RFC 1918 Review




The Request for Comment 1918 (RFC 1918) is a forum that has different approaches of allocating private IP addresses on the Transmission Control Protocol and Internet Protocol systems. It is also described as the Address Allocation for Private Internets and coordinates its activities with the Network Address Tunneling (NAT).




The RFC 1918 utilizes different methods in preventing the overloads on earlier public internet protocol addresses. It enhances the extension of several IP addresses that are active in the Internet Protocol version 4 (IPv4) before the version six internet protocol was introduced.

The guidelines of how the IP addresses are assigned in a private network by a networking system was proposed by the Request for Comment 1918. There are particular ranges of internet protocol address that are non-routable on the internet and are reserved by the RFC 1918. These include the range from 10.0.0.0 to 10.255.255.255, 172.16.0.0 to 172.31.255.255, and 192.168.0.0 to 192.168.255.255. Any of the addresses that can be situated within the ranges are categorized in a private networking system with a special address within the local area.

Devices that are located within the network can interact using the Network Address Tunneling over the internet. It is effective in describing an internet protocol address that has been used in a single system to other addresses in a different network. The RFC 1918 addresses are often withhold for private use by the internet standard groups. NAT is efficient in providing the transmission or sharing of files from a single public IP address to other several devices.

RFC 1918 addresses can be routed within an enterprise because the private hosts are capable of interacting with the other hosts in the enterprise. RFC1918 needs the DNS data of the RFC 1918 to be hidden and should not appear outside the enterprise. The addresses can be used at home or work places with local area networks and majorly utilizes the version 4 internet protocol.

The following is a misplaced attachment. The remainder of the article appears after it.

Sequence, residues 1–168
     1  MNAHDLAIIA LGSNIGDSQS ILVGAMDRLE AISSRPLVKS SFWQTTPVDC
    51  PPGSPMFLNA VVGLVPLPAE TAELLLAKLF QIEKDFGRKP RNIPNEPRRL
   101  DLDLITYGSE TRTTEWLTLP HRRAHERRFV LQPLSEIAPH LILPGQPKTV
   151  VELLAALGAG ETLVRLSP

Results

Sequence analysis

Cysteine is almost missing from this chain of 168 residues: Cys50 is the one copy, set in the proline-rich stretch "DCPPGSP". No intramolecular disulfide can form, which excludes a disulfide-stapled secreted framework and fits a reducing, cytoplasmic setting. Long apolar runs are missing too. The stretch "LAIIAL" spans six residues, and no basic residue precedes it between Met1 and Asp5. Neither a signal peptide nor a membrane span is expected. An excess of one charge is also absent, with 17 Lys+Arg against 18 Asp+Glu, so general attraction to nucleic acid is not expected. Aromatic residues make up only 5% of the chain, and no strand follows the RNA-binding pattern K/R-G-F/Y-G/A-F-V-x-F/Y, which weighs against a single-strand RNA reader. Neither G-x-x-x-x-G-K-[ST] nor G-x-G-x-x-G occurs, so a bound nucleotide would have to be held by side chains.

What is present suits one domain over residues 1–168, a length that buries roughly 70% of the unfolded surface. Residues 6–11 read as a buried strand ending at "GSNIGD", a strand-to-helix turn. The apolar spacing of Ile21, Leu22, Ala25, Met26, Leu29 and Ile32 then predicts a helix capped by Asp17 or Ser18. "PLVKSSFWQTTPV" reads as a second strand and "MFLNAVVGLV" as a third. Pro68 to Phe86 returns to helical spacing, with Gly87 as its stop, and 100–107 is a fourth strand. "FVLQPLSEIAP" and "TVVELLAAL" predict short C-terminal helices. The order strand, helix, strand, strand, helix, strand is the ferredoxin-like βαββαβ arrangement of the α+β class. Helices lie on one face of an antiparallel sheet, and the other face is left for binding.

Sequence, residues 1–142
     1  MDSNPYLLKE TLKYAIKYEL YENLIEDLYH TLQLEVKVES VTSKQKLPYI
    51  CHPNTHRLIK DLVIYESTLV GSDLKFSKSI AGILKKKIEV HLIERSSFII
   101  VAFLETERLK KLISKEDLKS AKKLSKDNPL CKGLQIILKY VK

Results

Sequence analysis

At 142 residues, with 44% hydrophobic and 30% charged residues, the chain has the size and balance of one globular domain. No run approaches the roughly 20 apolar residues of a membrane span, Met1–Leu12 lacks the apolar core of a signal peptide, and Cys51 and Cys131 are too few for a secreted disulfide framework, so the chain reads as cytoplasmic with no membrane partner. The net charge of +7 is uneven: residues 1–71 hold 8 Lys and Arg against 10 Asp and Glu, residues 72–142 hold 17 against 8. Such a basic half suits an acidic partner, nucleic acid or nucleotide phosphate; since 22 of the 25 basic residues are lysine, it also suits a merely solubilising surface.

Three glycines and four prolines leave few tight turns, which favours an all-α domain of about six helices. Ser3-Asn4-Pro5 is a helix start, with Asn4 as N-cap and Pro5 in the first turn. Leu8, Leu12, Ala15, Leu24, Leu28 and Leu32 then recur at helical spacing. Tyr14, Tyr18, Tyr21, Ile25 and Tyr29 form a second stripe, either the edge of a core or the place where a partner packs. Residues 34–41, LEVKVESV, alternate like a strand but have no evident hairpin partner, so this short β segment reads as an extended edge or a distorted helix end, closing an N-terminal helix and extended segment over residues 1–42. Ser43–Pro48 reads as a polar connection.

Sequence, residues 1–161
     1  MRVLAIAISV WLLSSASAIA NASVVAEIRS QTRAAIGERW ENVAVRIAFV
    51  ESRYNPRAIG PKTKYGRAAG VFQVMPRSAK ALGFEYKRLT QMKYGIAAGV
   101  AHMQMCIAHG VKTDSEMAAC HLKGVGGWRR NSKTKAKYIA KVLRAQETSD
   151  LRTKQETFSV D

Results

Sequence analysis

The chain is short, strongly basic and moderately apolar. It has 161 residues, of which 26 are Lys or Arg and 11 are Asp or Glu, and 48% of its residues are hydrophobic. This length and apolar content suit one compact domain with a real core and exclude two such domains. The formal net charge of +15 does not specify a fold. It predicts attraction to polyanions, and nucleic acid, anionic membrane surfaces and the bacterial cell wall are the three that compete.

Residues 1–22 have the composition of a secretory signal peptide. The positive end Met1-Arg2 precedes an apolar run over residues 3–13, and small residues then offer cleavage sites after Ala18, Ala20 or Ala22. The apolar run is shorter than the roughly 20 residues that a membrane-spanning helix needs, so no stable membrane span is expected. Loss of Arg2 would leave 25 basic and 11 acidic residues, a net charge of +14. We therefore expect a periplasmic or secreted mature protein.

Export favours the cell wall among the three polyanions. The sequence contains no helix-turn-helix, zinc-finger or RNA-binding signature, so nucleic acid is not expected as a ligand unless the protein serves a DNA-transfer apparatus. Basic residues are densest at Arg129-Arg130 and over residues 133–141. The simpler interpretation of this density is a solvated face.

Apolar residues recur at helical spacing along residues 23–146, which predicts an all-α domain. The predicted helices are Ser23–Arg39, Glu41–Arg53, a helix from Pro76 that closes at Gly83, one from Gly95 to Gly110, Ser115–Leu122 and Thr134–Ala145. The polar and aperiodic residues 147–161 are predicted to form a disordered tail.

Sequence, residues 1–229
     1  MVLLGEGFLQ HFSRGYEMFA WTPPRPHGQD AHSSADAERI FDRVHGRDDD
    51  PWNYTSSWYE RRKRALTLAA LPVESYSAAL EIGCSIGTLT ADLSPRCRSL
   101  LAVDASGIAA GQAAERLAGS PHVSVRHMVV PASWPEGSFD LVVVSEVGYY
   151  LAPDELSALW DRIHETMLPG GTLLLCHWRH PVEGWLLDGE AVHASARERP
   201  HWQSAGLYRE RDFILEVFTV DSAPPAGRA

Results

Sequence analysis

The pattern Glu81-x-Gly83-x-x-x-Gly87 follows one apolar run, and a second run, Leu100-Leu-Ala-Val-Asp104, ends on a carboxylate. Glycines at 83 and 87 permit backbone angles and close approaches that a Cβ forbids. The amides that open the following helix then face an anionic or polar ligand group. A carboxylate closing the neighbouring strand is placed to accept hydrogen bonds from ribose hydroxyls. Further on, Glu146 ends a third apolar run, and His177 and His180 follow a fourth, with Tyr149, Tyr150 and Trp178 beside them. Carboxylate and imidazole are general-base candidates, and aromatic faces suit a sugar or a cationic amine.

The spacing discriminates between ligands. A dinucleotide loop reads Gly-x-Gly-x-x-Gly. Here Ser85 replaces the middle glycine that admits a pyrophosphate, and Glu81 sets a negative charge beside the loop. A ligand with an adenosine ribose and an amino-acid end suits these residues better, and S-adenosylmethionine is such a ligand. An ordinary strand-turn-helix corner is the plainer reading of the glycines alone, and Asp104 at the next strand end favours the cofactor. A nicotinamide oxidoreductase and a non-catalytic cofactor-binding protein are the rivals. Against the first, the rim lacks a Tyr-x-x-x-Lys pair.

There are conditions in which the RFC 1918 addresses should not be hidden on the Wide Area Networks (WAN). It involves a situation where the internet service provider allocates the address to end users. Traffic should not be blocked if the assigned address is meant for clients.

The Internet Service Providers can assign the private addresses and create their personal NAT to allow for customer traffic to the public networks. RFC 1918 is usually termed as the Internet addressing architecture and majorly operates with standards that are set by the for the fourth version internet protocol (IPv4).




The Request for Comment is established by the Internet Engineering Taskforce (IETF) and is a formal document which is usually reviewed by parties interested. No comments are usually altered on the committee drafting that is approved to be the internet standards.

The final version is what is accepted and incorporated as the required standards. Not all RFCs are formal in nature. Though adjustment may arise in situations where subsequent RFCs that would like to expand on all aspects of the initial Request for Comment.